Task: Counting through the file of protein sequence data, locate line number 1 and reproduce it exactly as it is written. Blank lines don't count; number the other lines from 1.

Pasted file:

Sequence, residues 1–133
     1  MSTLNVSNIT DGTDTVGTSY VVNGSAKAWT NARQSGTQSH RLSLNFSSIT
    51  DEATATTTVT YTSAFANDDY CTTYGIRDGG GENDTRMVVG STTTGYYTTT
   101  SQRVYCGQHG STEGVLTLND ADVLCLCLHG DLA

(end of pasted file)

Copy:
Sequence, residues 1–133